Moto E (2nd Gen) 4G
Lenovo A6000 Plus
Yurbuds Venture Talk
Quick, cheap fixes for common tech problems
15 slim, sexy laptops that don't cost a bomb
Windows 10: 10 great new features in store for you
Internet of Things: Using MRAA to Abstract Platform I/O Capabilities
ZTE Nubia Z9 Mini: First Impressions
Don't read this, lest you get offended!
How tech is taking football to the next level
Classic FPS games are a dying breed
Slowly gathering steam...
The obsession within
Screenshots of new Google Photos app leak
Mozilla’s Ignite and the future of Firefox OS
Government center to clean malware from PCs, mobiles
Android Factory Reset flawed, users data can be recovered: Study
Top deals from Flipkart's ongoing electronics sale
Asus O!Play Mini V2
Videocon Infinium Z45 Nova plus
Meizu M1 Note
Nubia Z9 Mini
How to use Intel XDK plugins for Sublime Text
Intel XDK Update - HTML5 Games, Sublime Text* & Easier to Get Started
Steps to add x86 support to Android Apps Using Unity
3 easy steps for maximum performance for your Android emulator (Intel HAXM)
How does your GPU affect your image blur algorithms
Mozilla's Ignite and the future of Firefox OS
Delhi to get free Wi-Fi by February next year
Google's new patent could turn your teddy bear into a remote
Xiaomi Mi4i vs Asus Zenfone 2 (2GB): Quick Comparison
HTC One M9+: In Pictures
In pictures: ETI Dynamic's Solar Electric Hybrid Vehicle
Top launches of the week: May 22, 2015
6 weird inventions that tried too hard
Intel Windows Developer Zone
Intel Developer Zone
Intel IoT Developer Zone
Close on the heels of the NVIDIA Tegra 4 announcement, Qualcomm has also announced a refresh to its line-up of Snapdragon system-on-chips. Qualcomm announced that it is going to retire the S1, S2, S3 and S4 series of mobile chips and new set of chips will go by the new nomenclature - Snapdragon 200, Snapdragon 400, Snapdragon 600 and Snapdragon 800. The new series is expected to improve power and speed as compared to current generation of Qualcomm Snapdragon chips.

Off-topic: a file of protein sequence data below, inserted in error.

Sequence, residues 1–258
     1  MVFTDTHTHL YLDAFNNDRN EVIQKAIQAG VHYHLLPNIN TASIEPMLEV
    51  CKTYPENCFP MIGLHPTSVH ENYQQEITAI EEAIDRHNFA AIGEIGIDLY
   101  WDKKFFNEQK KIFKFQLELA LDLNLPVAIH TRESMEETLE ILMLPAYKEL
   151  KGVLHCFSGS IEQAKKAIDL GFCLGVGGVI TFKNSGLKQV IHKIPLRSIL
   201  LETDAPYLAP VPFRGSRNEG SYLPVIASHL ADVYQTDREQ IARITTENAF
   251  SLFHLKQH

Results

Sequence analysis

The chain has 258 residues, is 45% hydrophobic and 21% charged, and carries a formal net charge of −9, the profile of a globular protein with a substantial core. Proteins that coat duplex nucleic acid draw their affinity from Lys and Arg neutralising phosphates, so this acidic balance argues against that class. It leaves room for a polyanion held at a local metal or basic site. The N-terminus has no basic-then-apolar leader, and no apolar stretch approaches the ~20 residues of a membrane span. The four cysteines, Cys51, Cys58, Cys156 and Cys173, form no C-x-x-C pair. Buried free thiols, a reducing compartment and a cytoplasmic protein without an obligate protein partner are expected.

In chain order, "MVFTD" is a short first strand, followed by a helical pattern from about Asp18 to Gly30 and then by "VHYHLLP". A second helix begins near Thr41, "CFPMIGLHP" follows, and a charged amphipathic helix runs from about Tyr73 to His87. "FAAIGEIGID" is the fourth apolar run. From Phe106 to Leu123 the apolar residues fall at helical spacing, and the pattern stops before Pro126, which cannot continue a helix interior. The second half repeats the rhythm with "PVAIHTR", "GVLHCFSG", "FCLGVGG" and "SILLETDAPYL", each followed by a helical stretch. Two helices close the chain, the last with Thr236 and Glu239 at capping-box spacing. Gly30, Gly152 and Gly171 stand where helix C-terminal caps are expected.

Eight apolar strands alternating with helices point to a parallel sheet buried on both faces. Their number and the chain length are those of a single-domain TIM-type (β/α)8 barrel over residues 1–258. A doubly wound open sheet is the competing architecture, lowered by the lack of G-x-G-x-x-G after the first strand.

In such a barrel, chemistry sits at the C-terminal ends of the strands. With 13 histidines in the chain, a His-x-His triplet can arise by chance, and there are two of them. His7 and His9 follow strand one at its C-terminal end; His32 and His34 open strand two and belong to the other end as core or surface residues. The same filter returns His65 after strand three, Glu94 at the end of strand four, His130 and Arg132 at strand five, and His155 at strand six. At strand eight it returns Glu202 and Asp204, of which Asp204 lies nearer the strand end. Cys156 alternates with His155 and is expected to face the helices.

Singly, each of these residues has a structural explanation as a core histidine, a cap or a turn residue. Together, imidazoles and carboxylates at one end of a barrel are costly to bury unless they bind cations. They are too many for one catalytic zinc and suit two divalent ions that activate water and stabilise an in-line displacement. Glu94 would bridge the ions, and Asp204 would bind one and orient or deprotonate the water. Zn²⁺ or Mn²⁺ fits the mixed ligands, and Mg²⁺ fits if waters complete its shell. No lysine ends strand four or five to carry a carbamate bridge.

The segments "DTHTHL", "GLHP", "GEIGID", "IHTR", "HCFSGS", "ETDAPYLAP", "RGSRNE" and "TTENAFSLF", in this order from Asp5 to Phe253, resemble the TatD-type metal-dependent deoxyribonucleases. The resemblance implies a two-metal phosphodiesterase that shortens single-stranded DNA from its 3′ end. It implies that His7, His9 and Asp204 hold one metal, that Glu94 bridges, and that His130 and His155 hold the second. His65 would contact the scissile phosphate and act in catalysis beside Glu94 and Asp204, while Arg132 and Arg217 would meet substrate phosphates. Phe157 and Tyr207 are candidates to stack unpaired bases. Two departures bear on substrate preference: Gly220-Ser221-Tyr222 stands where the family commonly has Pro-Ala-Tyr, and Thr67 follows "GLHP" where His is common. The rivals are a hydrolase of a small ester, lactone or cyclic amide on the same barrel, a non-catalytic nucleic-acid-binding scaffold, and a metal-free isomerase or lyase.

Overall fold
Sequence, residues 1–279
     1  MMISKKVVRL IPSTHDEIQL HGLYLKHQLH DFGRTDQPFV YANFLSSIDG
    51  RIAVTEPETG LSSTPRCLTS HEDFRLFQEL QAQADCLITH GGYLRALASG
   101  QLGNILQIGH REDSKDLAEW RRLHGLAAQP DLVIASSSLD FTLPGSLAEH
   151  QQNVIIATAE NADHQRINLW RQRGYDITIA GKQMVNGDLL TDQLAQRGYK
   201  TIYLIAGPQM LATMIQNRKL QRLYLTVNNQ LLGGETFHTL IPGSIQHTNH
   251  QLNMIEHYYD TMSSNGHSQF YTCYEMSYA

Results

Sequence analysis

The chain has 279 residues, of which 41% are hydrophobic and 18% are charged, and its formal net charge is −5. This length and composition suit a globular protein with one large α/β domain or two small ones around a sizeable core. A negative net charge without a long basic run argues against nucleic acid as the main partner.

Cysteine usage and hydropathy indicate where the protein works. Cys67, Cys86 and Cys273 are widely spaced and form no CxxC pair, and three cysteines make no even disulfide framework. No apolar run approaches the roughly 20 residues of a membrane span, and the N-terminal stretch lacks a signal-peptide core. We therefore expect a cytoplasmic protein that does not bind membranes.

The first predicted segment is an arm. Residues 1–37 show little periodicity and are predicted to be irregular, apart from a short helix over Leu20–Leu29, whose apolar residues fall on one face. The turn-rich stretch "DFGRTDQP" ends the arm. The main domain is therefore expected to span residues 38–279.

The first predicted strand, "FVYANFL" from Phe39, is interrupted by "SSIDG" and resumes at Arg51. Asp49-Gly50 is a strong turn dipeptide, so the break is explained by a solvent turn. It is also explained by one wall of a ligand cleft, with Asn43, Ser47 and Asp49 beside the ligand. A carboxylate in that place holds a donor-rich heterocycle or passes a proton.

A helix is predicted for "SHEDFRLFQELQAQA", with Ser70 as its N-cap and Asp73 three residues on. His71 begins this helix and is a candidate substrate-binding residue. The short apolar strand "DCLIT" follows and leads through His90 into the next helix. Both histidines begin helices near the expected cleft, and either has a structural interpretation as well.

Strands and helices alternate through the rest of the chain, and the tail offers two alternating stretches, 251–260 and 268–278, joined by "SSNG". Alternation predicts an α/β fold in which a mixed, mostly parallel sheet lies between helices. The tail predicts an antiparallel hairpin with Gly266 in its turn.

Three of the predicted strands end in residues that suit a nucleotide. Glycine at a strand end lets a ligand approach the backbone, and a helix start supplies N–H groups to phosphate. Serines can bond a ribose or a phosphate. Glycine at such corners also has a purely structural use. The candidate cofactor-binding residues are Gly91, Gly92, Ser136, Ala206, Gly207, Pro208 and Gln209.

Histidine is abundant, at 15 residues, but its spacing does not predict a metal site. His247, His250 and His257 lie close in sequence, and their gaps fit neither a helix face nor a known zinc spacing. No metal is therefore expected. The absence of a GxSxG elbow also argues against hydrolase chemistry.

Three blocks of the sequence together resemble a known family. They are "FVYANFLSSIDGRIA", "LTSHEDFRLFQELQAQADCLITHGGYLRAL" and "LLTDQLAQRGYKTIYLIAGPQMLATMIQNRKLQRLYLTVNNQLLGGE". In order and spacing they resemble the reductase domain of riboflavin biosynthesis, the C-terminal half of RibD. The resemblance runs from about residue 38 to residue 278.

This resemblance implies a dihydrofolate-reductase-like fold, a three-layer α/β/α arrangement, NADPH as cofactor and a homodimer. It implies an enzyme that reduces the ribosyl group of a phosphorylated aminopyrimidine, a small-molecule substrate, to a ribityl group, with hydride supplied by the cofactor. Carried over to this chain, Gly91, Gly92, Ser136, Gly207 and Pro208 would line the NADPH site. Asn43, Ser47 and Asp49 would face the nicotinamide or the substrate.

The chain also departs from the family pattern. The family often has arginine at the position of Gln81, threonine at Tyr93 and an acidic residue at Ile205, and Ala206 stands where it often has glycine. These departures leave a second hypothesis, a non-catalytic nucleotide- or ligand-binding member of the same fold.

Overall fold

As you may have already deducted from the naming convention, the Snapdragon 600 and 800 will represent the high-performance chips whereas the Snapdragon 200 and 400 will be seen in low-end budget mobile devices.
Snapdragon 600 will be running four Krait 300 cores (clock speeds going up to 1.9 GHz). Krait is the codename for Qualcomm’s custom ARM v7 microprocessor. The 600 will be around 40 percent more powerful than the S4 Pro at the same time consuming comparatively lesser battery. It will house the Adreno 320 GPU. We will start seeing this chip in mobile devices by Q2 2013.
New Snapdragon lineup
The Snapdragon 800 will be the flagship SoC for 2013. It will be running four Krait 400 cores which are based on the 28nm manufacturing process. The Krait 400 can run to speeds up to 2.3 GHz in the quad configuration and its synchronous SMP architecture will provide dynamic power sensing and control for peak performance per core. The Snapdragon 800 will house an Adreno 330 GPU, support for display resolutions upto 2560x2048, a faster 4G LTE Cat 4 modem within the SoC. The presence of an LTE radio on the SoC is a definite plus over the Tegra 4 which does not include an LTE radio on the SoC, but it can be added optionally. Performance improvement of the Snapdragon 800 over the S4 Pro is claimed to be over 74 per cent which is quite impressive on paper. The Snapdragon 800 processors will be seen in commercial mobile devices in mid-2013.
"With the overwhelming success of our previous Qualcomm Snapdragon platforms, our mobile processors have emerged as the platform of choice for high-end mobile devices," said Steve Mollenkopf, president and chief operating officer of Qualcomm. "With more than 50 design wins already secured with the first products of the Qualcomm Snapdragon 600 and 800 processors, we are advancing our vision and setting the standard for excellence in mobile computing."
Source: Qualcomm 1 and 2